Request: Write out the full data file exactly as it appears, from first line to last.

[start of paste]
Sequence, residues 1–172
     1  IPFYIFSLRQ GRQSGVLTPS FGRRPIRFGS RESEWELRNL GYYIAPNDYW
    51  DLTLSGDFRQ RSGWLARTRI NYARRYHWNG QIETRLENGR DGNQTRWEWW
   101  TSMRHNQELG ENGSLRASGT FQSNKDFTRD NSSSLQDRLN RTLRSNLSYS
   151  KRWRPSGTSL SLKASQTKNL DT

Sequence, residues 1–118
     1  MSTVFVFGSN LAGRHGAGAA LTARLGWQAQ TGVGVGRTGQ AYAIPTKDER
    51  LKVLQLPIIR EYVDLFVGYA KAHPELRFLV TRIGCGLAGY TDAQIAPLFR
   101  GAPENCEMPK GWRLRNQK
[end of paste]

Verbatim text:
Sequence, residues 1–172
     1  IPFYIFSLRQ GRQSGVLTPS FGRRPIRFGS RESEWELRNL GYYIAPNDYW
    51  DLTLSGDFRQ RSGWLARTRI NYARRYHWNG QIETRLENGR DGNQTRWEWW
   101  TSMRHNQELG ENGSLRASGT FQSNKDFTRD NSSSLQDRLN RTLRSNLSYS
   151  KRWRPSGTSL SLKASQTKNL DT

Sequence, residues 1–118
     1  MSTVFVFGSN LAGRHGAGAA LTARLGWQAQ TGVGVGRTGQ AYAIPTKDER
    51  LKVLQLPIIR EYVDLFVGYA KAHPELRFLV TRIGCGLAGY TDAQIAPLFR
   101  GAPENCEMPK GWRLRNQK